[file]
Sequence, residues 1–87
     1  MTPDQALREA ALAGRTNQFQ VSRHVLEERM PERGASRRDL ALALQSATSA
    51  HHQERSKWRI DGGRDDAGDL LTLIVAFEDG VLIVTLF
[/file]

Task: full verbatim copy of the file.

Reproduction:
Sequence, residues 1–87
     1  MTPDQALREA ALAGRTNQFQ VSRHVLEERM PERGASRRDL ALALQSATSA
    51  HHQERSKWRI DGGRDDAGDL LTLIVAFEDG VLIVTLF